Insights from the UK and beyond
Burger, fries and a statin – to go please
Fast food outlets should hand out free cholesterol-lowering statin drugs to their customers to
“neutralise” the heart risks of eating fatty foods like burgers and fries, British scientists suggest.
It may sound like a strange idea, but in a study to be published in the American Journal of Cardiology, scientists from the National Heart and Lung Institute at Imperial College London have done the sums and say the offset would work. They calculated that the reduction in heart disease risk offered by a statin could offset the increase in risk from eating a cheeseburger and a milkshake.
“Statins don’t cut out all of the unhealthy effects of burger and fries. It’s better to avoid fatty food altogether.
But we’ve worked out that in terms of your likelihood of having a heart attack, taking a statin can reduce your risk to more or less the same degree as a fast food meal increases it,” said Dr.
Darrel Francis, who led the research team.
“When people engage in risky behaviours like driving or smoking, they’re encouraged to take measures that minimise their risk, like wearing a seatbelt or choosing cigarettes with filters. Taking a statin is a rational way of lowering some of the risks of eating a fatty meal.”
Peter Weissberg, medical director at the British Heart Foundation (BHF) health charity, said Francis’ idea should not be taken too literally. He urged people to focus on maintaining a healthy diet and taking exercise to keep their hearts healthy.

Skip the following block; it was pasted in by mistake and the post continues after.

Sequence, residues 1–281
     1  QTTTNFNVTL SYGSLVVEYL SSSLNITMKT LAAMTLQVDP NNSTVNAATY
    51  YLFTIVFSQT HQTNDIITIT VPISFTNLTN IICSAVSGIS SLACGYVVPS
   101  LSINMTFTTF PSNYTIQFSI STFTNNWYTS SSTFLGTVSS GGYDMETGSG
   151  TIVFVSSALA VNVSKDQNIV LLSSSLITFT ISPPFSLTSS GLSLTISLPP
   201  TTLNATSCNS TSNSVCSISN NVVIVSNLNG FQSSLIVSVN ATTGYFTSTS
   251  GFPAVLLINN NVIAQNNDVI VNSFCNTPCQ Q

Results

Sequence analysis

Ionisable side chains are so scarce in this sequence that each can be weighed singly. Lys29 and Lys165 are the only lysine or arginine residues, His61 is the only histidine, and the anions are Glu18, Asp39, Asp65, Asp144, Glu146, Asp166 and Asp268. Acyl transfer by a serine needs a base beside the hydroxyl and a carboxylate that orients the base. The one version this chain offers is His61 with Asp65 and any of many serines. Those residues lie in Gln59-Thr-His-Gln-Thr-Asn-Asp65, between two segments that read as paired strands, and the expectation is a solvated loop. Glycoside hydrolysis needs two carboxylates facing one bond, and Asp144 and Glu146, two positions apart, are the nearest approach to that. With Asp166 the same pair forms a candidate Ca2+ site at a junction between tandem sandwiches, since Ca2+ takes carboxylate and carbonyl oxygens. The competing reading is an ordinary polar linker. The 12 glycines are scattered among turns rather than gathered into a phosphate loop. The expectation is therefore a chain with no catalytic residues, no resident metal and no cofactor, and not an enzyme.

“Statins are a vital medicine for people with — or at high risk of developing — heart disease,” he said. “They are not a magic bullet.”
Statins are among the most widely used drugs for the treatment and prevention of heart disease and strokes — the world’s top killers.
One statin, a generic drug called simvastatin, is already available in low doses over the counter at pharmacies in Britain without a prescription. Other statins such as Pfizer’s Lipitor and AstraZeneca’s Crestor — which are among the biggest-selling drugs in the world — are for prescription only.
“Although no substitute for systematic lifestyle improvements, including healthy diet, regular exercise, weight loss, and smoking cessation, complimentary statin packets would add, at little cost, one positive choice to a panoply of negative ones,” the scientists wrote in their paper.
“It makes sense to make risk-reducing supplements available just as easily as the unhealthy condiments condiments (such as salt) that are provided free of charge,” Francis said. “It would cost less than 5 pence ($0.07) per customer — not much different to a sachet of ketchup.”